By Nelson D. Beverly
Have you ever seen someone towing a huge boat with a little SUV? The front wheels are barely touching the ground! Or a pickup truck loaded with a pile of stuff that is twice as high as the truck itself?
My dad always says, “They are putting two ton of fertilizer in a one-ton truck,” meaning their load is way more than the vehicle can handle.
Unfortunately, this type of situation occurs all too frequently and people don’t realize the safety hazard they are creating. An overloaded vehicle can’t stop or take evasive maneuverers very well. Plus the longevity of the vehicle is shortened by putting stress on vehicle components beyond what they were designed to handle.
Haul vs. Tow
So how much load can your vehicle handle? First, you have to understand two terms: haul and tow.
Hauling is the stuff you put in your vehicle, like people, fuel, cargo, etc. Towing is when you are pulling something behind the vehicle, like a boat, yard trailer, camper, etc.
GVWR and GCWR
So a better question is: “How much can I haul and how much can I tow?” To answer this question, you will have to understand two acronyms, GVWR and GCWR.
The gross vehicle weight rating (GVWR) tells you how much you can haul. It takes into account the weight of the body, chassis, engine, fluids, fuel, accessories, people, and cargo. It doesn’t account for the weight of a trailer though. The gross vehicle weight (GVW) will vary constantly, but at no point should it ever exceed the GVWR.
The gross combined weight rating (GCWR) tells you how much you can tow. It takes into account the aforementioned GVWR, but also includes the weight of any trailers. The difference between the GCWR and the GVWR is the amount of weight that can be towed.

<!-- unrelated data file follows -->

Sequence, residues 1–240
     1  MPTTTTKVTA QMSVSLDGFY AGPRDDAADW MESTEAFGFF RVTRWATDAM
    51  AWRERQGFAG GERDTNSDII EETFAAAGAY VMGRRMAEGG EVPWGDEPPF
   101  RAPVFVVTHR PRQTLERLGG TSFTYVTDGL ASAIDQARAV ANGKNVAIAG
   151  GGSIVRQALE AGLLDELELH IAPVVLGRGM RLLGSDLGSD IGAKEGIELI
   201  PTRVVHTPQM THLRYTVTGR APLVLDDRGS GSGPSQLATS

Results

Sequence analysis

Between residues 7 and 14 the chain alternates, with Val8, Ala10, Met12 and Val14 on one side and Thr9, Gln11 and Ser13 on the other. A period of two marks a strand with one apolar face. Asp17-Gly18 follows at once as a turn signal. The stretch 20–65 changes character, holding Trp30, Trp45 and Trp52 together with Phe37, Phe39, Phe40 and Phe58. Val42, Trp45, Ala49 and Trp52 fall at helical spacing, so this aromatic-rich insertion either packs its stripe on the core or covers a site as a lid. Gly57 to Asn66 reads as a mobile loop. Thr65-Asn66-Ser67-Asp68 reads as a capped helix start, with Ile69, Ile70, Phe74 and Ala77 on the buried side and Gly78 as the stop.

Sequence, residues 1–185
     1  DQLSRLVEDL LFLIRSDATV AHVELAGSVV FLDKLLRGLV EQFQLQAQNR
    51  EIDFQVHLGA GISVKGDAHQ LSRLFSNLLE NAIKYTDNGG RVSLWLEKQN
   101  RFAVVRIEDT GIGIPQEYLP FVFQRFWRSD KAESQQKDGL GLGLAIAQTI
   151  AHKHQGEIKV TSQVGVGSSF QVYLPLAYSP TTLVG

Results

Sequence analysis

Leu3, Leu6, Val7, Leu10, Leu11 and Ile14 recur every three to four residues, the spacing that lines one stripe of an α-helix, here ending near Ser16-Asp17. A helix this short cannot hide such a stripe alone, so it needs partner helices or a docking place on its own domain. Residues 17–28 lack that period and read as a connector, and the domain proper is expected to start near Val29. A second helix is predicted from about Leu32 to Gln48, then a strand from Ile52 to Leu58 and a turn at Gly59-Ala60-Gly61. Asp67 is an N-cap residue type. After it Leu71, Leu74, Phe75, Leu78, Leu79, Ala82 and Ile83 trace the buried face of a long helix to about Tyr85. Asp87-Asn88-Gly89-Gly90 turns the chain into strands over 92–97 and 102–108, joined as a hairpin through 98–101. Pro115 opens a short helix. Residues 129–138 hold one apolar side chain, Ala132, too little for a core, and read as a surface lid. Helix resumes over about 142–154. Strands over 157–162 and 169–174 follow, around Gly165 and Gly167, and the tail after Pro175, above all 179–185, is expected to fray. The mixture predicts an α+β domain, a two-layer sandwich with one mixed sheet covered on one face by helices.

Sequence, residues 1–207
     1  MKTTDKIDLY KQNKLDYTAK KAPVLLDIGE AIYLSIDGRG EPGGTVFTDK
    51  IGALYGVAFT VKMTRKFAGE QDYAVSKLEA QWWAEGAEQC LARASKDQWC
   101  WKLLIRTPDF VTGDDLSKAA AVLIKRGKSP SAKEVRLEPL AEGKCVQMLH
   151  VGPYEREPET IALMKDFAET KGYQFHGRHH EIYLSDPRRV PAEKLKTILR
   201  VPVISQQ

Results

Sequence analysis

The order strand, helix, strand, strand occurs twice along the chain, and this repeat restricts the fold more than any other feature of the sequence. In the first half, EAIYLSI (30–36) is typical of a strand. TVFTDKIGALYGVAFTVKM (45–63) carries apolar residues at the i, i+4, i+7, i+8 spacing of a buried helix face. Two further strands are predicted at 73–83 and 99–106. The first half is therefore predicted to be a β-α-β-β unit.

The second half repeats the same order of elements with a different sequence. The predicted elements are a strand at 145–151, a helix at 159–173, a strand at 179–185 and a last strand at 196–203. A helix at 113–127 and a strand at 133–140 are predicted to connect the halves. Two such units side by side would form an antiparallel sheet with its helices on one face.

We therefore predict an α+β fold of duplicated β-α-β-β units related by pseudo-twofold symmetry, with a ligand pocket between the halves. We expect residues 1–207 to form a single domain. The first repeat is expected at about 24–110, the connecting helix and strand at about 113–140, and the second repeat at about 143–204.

Some manufacturers make it easy and include a towing capacity rating that clearly defines how much weight your vehicle can tow with no math required! You can find all this information in your owner’s manual or online at the manufacturer’s website.
Before you install a new trailer hitch, you have to determine what class you need. Gross trailer weight is the maximum amount of weight the trailer can carry (including the weight of the trailer itself). The tongue weight is the amount of weight the trailer adds to the tow vehicle. There are four major classes of trailer hitches:
CLASS NAME GROSS TRAILER WEIGHT TONGUE WEIGHT
Class I 2,000 lbs. 200 lbs.
Class II 3,500 lbs. 350 lbs.
Class III 5,000 lbs. 500 lbs.
Class IV 12,000 lbs. 1,200 lbs.
Modern-day vehicles are designed with many computers that control almost every aspect of vehicle operation, including the exterior lighting system (brakes, headlights, etc.)
For example, a computer monitors the voltage of the exterior lights and if it deems there is an excessive load, it will shut down the appropriate circuit. The old method used a fuse that would trip if a load became excessive.
So when new trailer wiring connections are installed, the appropriate computer has to be “told” about the new load so it doesn’t inadvertently shut down circuits or set fault codes thinking there is a problem.
Be smart about what you haul or tow, know your limits, and stay within them.